Magazines and reliability
by Tim aka TCinVA
Dropping magazines, especially partially loaded ones, on the ground is often very hard on the magazine. Apart from dirt, mud, and other detritus that gets inside the magazine, baseplates and feed lips will sometimes crack, and tubes will sometimes bend or dent. This fact is, believe it or not, where the so called “tactical reload” came from.
I actually discussed this with Tom Givens in his Intensive Pistol Skills class a few weeks ago. In the early days of Gunsite the gun that 99.99% of people showed up with was a 1911. In those days there was no Wilson/Rogers 47D magazine and folks didn’t show up to classes with massive piles of magazines for training. Everyone was using GI or factory Colt magazines in their guns. Dropping these magazines on the crushed granite of the range ended up destroying them to the point of students almost put out of commission because they didn’t have any functional magazines left. If the magazines never hit the granite, then you never have that problem, right? VIOLA!! The “tactical reload” as we know it was born.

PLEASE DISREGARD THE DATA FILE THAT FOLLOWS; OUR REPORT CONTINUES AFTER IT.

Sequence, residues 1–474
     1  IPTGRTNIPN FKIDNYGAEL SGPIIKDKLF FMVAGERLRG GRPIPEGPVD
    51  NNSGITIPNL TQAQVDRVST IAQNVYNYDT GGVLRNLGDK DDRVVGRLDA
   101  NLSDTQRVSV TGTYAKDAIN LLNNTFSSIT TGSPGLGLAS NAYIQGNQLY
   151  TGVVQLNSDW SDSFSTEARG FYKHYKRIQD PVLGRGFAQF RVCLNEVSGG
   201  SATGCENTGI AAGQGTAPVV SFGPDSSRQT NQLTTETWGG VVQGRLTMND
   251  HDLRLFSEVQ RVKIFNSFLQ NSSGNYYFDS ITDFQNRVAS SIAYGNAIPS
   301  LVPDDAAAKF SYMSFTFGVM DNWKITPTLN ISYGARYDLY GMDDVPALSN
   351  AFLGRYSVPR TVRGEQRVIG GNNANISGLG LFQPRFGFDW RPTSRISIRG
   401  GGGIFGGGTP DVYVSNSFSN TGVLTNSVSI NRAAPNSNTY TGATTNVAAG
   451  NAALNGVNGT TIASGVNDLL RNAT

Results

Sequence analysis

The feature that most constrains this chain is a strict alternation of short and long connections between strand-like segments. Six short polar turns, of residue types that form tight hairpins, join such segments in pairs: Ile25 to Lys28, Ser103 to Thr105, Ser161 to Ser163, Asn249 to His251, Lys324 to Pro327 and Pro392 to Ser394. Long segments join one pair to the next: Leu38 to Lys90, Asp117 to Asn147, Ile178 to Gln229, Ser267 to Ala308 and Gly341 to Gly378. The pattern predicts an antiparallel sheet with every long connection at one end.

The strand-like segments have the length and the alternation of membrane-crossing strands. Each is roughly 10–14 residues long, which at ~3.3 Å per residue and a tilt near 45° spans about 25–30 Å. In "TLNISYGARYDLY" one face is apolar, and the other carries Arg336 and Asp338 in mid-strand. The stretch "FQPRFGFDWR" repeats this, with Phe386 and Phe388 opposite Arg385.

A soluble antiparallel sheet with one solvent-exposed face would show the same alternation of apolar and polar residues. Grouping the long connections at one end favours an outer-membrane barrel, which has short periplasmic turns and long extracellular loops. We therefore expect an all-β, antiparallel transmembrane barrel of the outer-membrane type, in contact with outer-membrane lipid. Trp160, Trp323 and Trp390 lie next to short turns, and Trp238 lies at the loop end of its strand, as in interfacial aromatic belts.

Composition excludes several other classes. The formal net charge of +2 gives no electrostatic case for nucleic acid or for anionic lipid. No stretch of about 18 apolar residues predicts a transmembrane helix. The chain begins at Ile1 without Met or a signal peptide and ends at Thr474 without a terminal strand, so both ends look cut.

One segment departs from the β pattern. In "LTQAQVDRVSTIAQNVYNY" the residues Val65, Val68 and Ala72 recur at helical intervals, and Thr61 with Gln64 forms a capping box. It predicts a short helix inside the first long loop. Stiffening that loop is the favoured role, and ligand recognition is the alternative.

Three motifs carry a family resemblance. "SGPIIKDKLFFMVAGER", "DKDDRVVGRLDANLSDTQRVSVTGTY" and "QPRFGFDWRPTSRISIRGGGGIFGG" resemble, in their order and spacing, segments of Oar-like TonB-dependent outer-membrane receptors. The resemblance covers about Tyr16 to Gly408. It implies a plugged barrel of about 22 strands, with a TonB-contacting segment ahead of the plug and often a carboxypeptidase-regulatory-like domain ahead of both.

Just think: All that arguing about reloads you see on the internet dates back to a practice adopted to get around the fact that 1911 magazines circa 1977 sucked out loud. Stew on that one for a bit without getting depressed. I dare ya.
Guns April 1964
See page 18